Shirley Ginwright, president of the Fairfax County branch of the National Association for the Advancement of Colored People, will speak at Temple Rodef Shalom at 2100 Westmoreland Street on Friday, Jan. 15 at 8 p.m.
The topic of her speech will be about “building communities of trust between law enforcement and residents,” according to an email from Michelle Sandler, the communications coordinator for Temple Rodef Shalom.
The temple’s shabbat service on Friday, Jan. 15 will be in memory of the Reverend Dr. Martin Luther King, Jr. ahead of the federal holiday honoring him on January 17. Ginwright heads a local commission established by the Fairfax County Board of Supervisors called Communities of Trust, which is tasked with building relationships between area residents, especially those in immigrant and disenfranchised communities, and law enforcement.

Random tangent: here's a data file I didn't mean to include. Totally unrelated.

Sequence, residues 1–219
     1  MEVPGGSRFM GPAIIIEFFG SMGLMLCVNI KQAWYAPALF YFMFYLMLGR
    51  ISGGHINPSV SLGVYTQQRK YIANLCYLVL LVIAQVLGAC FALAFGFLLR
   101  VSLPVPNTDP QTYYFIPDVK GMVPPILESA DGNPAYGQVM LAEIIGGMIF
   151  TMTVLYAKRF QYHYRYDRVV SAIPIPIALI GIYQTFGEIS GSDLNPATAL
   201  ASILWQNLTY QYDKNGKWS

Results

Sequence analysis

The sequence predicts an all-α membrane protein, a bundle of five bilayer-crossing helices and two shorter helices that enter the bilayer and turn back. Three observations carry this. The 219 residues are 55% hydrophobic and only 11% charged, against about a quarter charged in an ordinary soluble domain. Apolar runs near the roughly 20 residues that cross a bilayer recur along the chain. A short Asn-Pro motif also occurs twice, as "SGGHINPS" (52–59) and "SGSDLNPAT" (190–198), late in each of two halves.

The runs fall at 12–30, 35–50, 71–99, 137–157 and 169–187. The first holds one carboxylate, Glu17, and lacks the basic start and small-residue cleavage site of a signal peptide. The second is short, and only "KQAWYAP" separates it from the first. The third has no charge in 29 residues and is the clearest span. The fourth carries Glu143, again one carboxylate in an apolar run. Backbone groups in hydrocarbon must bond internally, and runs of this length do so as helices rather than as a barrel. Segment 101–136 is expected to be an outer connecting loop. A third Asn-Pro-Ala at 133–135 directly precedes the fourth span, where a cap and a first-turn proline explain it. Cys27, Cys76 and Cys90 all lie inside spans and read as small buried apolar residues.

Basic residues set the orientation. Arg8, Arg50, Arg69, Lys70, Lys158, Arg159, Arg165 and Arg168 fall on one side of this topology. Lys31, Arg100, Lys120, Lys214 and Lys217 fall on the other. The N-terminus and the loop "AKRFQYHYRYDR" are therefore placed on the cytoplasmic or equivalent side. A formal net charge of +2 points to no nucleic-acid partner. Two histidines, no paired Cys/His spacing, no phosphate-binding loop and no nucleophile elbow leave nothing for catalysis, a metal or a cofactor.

Ginwright has also been vocal on the issue of police brutality and has been an active in social justice issues for most of her life. Temple Rodef Shalom’s senior cantor, Michael Shochet, who is the head of police chaplain for the Fairfax County Police Department, also serves on the Communities of Trust commission.